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Problem:

If $ n \in \mathbb{N} $ can be represented as $ n = n_1^2 + n_2^2 + n_3^2 ,\quad n_1, n_2, n_3 \in \mathbb{Z}, $ show that then $ n \neq 4^a(8m+7)$ for $a,m \in \mathbb{Z}.$

My solution:

Since this is the beginning of a math course in Discrete Mathematics, I don't think we're supposed to use the quadratic reciprocity law, Dirichlet's theorem on arithmetic progressions nor the equivalence class of the trivial ternary quadratic form. as listed on Wikipedia.

It also states on Wikipedia (Why?) that every square is congruent to either $0,1,4$ in $\mathbb{Z}_8$. So the sum of three squares $n \in \{0,1,2,3,4,5, 6\} \subset \mathbb{Z}_8.$ My initial plan was to show that $ 4^a(8m+7) \in \{6,7\}$. This not true though, as $ 4^a \equiv 4 $ or $ \equiv 0 $ for $ a \geq 1 $. Thus $ 4^a(8m+7) \equiv 0 $ or $4$.

Any hints?

Muchos gracias!

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  • $\begingroup$ On the question about $\mathbb{Z}^8$: $$0^2 = 0$$ $$1^2 = 1$$ $$2^2 = 4$$ $$3^2 = 9 = 1$$ $$4^2 = 16 = 0$$ $$5^2 = 25 = 1$$ $$6^2 = 36 = 4$$ $$7^2 = 49 = 1$$ And there are no more elements! $\endgroup$
    – fcz
    Jan 27, 2021 at 17:02
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    $\begingroup$ First, $4+1+1=6$, so you can reach the residue class $6\pmod 8$. More importantly, yes, this is a result where (as it turns out) one has to deal with the powers of $4$ separately first, before finishing it off with the $7\pmod 8$ observation. Try showing that if a multiple of $4$ can be written as the sum of three squares, then each of those squares must be even, and thus you can divide everything by $4$ and consider the new smaller number. $\endgroup$ Jan 27, 2021 at 17:03
  • $\begingroup$ Sum of three squares is a multiple of 4 in $ \mathbb{Z}_8 $ or $ \mathbb{Z} $? $\endgroup$
    – Oskar
    Jan 27, 2021 at 17:17
  • $\begingroup$ So $ 4^a \equiv 0, 4$ mod 8. Thus $ 4^a(8m+7) \equiv 0,4 $, but $ (8m+7) \equiv 7, \forall m$. So $ n \equiv 0,4 $, so we have the possibiltes $ \{n_1,n_2,n_3 \} \equiv (0,0,0), (0,0,4), (0,4,4) $. Is this what you meant and how do you come forward? $\endgroup$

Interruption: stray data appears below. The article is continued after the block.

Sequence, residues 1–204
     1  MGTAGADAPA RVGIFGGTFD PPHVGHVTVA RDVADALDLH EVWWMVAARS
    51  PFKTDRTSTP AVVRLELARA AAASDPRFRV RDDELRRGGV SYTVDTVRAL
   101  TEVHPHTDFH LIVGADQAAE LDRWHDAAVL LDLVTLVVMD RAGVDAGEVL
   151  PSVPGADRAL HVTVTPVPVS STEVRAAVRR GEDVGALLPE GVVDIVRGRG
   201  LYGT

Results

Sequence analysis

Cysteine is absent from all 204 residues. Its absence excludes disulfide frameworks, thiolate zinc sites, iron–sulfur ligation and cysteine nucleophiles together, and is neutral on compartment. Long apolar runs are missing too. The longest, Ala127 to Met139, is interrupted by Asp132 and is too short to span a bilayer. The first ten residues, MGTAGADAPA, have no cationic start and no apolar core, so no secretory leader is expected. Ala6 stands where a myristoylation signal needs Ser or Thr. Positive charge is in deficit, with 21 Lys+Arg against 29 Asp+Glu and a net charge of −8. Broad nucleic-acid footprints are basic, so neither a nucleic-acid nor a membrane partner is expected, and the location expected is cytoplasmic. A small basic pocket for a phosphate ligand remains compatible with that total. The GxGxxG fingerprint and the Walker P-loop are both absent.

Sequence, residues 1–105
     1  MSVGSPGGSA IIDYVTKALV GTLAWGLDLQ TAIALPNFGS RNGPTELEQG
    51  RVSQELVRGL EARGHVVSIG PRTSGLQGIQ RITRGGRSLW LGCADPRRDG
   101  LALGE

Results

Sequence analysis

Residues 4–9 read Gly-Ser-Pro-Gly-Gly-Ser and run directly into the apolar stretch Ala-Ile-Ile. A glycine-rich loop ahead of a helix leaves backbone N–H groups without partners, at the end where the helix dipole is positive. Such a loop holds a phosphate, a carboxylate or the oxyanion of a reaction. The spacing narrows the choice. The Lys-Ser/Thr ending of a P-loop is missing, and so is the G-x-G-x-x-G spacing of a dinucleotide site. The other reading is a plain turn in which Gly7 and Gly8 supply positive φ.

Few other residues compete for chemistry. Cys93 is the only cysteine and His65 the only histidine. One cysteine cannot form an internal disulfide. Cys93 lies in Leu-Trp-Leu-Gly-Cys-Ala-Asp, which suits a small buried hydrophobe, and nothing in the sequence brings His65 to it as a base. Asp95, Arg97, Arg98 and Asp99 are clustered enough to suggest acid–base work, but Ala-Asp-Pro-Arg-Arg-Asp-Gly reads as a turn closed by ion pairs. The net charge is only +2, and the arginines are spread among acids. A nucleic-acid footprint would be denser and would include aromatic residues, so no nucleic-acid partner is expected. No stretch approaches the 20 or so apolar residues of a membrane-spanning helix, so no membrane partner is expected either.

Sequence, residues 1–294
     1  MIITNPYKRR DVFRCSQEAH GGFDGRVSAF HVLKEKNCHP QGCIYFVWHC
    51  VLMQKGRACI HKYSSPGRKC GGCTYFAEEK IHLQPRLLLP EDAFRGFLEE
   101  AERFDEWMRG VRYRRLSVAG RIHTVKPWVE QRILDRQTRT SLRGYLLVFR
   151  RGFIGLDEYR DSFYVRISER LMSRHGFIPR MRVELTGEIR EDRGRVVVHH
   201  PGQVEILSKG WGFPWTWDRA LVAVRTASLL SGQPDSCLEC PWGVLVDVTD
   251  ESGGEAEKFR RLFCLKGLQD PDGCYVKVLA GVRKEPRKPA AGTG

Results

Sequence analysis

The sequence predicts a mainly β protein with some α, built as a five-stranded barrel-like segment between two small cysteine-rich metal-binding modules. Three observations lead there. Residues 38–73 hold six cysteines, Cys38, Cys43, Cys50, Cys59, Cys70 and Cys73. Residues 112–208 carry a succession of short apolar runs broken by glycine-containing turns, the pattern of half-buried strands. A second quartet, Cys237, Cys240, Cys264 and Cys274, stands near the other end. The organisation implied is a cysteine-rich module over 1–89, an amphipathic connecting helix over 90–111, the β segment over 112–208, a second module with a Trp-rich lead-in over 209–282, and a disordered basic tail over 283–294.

– Oskar
    Jan 28, 2021 at 10:12

1 Answer 1

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Well as the equation $$n=n^2_1+n^2_2+n^2_3$$ has no integral solutions if $n$ is of the form $n=8m+7$ for some integer $m$--established in the comments, we can prove that the equation $$n=n^2_1+n^2_2+n^2_3$$ has no integral solutions if $n$ is of the form $n=4^a(8m+7)$ for some integers $m, a \ge 1$, by induction on $a$.

[To elaborate, as shown, there are no solutions to $$n=n^2_1+n^2_2+n^2_3$$ for $n$ of the form $n=8m+7$ i.e., $a=0$. So fix an $a >0$. We show that if there is a solution to $$n=n^2_1+n^2_2+n^2_3$$ for any $n$ of the form $n=4^a(8m+7)$, then there must be a solution to $$\tilde{n}=\tilde{n}^2_1+\tilde{n}^2_2+\tilde{n}^2_3$$ for some $\tilde{n}$ of the form $\tilde{n}=4^{a-1}(8m+7)$. As it has already been established in the comments that there is no solution to $$\tilde{n}=\tilde{n}^2_1+\tilde{n}^2_2+\tilde{n}^2_3$$ for some $\tilde{n}$ of the form $\tilde{n}=(8m+7) =4^0(8m+7)$ this establishes the desired result.]

The crux of the proof is this: Suppose $n = 4^a(8m+7)$ for $a \ge 1$. Then $n \mod 4 = 0$ and as every even square is $0 \mod 4$ and every odd square is $1 \mod 4$ [check this for yourself] it follows that $n_1,n_2,n_3$ must all be even. So then this implies $$\frac{n}{4} = \left(\frac{n_1}{2}\right)^2 +\left(\frac{n_2}{2}\right)^2 +\left(\frac{n_3}{2}\right)^2$$ must hold, with the $\left(\frac{n_i}{2}\right)$s; $i=1,2,3$ all integers and with $\frac{n}{4} = 4^{a-1}(8m+7)$.

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  • $\begingroup$ How do you move on with the $ \frac{n}{4} = 4^{a-1}(8m +7)$? $\endgroup$
    – Oskar
    Jan 28, 2021 at 10:25
  • $\begingroup$ Should you apply mod 8 on the equation $ \frac{n}{4} = 4^{a-1}(8m + 7)$? $\endgroup$
    – Oskar
    Jan 28, 2021 at 13:49

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